4. avatar David Prowse says:

    Have a relative in a chair, been there for years. Seldom even think of him as being in a chair. Love him and always will.

  5. avatar Tim de Visser says:

    I love the concept of this article, but I disagree with #4. If you think forgetting a part of me is a compliment, than you don’t like all of me. You’re saying it’s a good thing part of me is invisible. It’s also likely to cause problems. it’s a real thing you need to deal with. Forgetting that people can’t walk stairs, are in constant pain or can’t eat sugar is not flattering to them in a lot of cases.

  6. avatar Tim de Visser says:

    Just like ‘being colorblind’ is really just ignoring race, it makes people feel hesitant to bring up real problems. It says that people should take care not to appear different. You are being complimented for succesfully hiding part of yourself. It reinforces the idea that ‘normal’ is the ideal, but that’s harmful. Accept difference. Learn to be comfortable with it. Don’t erase it.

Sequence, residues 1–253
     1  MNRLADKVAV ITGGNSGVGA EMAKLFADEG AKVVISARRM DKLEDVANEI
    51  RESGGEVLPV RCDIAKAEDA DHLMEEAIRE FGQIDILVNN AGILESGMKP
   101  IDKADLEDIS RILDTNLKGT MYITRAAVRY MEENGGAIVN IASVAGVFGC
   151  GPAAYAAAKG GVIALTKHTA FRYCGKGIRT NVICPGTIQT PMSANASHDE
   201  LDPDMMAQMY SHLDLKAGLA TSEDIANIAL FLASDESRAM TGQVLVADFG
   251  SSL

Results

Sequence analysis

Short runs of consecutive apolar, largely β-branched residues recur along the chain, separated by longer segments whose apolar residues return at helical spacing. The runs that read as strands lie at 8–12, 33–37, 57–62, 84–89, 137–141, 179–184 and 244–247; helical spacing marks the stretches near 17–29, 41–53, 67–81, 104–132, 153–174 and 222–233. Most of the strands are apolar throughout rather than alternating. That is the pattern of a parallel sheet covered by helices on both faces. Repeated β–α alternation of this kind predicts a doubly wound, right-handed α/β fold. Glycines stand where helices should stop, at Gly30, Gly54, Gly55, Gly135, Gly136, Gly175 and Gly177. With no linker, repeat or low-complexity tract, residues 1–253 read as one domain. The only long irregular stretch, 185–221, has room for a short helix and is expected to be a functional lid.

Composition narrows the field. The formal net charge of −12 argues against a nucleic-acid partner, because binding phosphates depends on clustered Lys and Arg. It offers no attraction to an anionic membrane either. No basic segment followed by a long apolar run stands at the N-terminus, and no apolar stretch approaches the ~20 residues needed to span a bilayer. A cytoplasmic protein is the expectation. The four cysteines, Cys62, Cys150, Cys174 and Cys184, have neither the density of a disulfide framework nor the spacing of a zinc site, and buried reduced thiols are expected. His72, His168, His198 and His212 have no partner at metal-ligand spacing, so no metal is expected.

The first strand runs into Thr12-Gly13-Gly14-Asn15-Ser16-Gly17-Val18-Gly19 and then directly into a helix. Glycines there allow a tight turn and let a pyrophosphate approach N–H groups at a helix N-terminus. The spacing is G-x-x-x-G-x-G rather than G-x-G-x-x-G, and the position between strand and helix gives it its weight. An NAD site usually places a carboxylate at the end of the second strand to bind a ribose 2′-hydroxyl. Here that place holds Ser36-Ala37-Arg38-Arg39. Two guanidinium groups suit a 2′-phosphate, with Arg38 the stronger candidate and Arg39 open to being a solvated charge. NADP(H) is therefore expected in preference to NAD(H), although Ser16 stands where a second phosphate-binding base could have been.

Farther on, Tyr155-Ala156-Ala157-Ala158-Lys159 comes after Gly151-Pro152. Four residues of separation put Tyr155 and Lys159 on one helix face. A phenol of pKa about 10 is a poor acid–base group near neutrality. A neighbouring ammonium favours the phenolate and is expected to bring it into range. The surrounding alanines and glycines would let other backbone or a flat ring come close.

7. avatar Eric says:

    What a great list. If you do come across a place that is not accessible, we would be happy to help them.


  8. avatar dowdy says:

    another crappy super-crip ever fucking our minds that we aren’t upto sccratch, haven’t accomplished enough. well does she do that with constant pain- i for one think that she represents no one i know and i can think of a few disabled people a who can write a more representative list.

  9. avatar Harlan says:

    Thank you MS Carlson for this list; we’ve shared it with our community, Red Flyer, The Handicapped Pets Community, with the belief that these same ten postulates apply to our charges just as to humans.

  10. [...] More From This Author: 10 Things Every Person with a Disability Should Hear [...]